2022 Conference Presentation
Over the last few decades, live-in care has become an important pillar of long-term care regimes of familialistic countries like Austria. Commuting live-in care workers, typically women from Central and Eastern Europe, help fill emerging care gaps. Closed borders and other pandemic-related travel restrictions brought the transnational circulation of care workers, whose rotas typically range from two to four weeks, to a sudden halt and put the care model under pressure.
Governments like in Austria scrambled and narratives of an endangered live-in care model and of the "systematic importance' of its carers brought upon a variety of policy responses in the country: to foster care workers' extension of rotas during the first months of the pandemic, a federally funded, tax-free bonus was implemented for live-in carers prolonging their stays for at least four weeks. Additionally, the government initiated negotiations with neighbouring countries in hopes of creating "care corridors' which the suddenly essential live-in care workers could use to cross borders. Similar to agricultural labourers during the spring harvest, charter flights and special trains were organised to ensure the supply of live-in care workers until borders re-opened. These exemplary measures along with the government's announcement to provide 100 million euros to the social care sector - including live-in care, which received considerable media attention from the beginning - show the pressure policy actors faced.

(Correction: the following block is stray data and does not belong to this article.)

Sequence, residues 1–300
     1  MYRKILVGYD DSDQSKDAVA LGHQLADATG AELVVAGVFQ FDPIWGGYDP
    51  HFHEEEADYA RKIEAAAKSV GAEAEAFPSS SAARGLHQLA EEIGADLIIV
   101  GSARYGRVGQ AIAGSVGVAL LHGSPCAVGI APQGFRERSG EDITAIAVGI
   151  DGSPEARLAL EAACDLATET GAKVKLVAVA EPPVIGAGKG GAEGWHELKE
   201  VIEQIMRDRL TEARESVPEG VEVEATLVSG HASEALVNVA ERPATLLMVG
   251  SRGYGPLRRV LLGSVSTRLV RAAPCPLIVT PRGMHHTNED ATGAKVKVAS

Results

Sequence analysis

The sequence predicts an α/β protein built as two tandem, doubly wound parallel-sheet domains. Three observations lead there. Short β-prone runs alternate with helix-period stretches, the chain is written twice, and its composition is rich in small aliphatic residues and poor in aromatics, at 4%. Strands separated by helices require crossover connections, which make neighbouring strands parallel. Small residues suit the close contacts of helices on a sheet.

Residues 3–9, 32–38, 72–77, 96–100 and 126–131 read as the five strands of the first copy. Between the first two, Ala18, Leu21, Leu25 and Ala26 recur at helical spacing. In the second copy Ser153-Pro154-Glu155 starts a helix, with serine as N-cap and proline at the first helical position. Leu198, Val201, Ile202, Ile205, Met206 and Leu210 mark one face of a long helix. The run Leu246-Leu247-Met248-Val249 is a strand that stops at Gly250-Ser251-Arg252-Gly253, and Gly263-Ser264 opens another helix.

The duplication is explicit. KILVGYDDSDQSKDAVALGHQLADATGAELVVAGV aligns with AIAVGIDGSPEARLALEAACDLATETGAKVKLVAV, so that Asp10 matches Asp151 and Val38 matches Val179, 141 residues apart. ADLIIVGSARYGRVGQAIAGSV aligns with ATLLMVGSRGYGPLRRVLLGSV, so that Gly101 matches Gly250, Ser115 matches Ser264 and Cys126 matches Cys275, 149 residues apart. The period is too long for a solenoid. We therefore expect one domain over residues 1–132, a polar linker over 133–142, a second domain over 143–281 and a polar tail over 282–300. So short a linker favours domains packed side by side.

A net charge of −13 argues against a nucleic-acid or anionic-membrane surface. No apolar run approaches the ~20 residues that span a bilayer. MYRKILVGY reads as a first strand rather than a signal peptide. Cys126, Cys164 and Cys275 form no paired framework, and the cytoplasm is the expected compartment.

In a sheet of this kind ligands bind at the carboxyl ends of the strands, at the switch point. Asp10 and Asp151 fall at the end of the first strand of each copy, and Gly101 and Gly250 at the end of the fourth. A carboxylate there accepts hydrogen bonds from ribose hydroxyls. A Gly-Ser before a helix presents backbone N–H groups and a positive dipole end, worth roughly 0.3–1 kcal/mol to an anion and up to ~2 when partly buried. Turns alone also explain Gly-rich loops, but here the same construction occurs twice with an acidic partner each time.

The paper analyses how narratives such as of the "systematic importance' of migrant care workers or the endangered live-in care model shaped the policy responses. It asks how different policy actors including local and federal governments, interest groups, and grassroots organisations interpreted the pandemic-related challenges for live-in care, what problems they defined and how they proposed to solve them, and whose demands and pleas they addressed. Preliminary results indicate that some policy actors were lauded as "saviours' of the live-in care model and received (national) media attention while care workers, whose interests remained secondary, were not recognised in a similar way. This links to the structural inequalities and power imbalances that mark live-in care in general.
Empirically, the paper draws on a media analysis of live-in care in Austria. This dataset of over 500 media reports from March 2020 to February 2021 is supplemented by governmental documents, relevant laws, and official guidelines as well as a small number of interviews with policy actors in the field. The analyses will shed insights into the narrative of the "systematic importance' of live-in care and its workers and how policy choices were argued and / or defended, focusing on the roles various actors took on in their own or other's narration.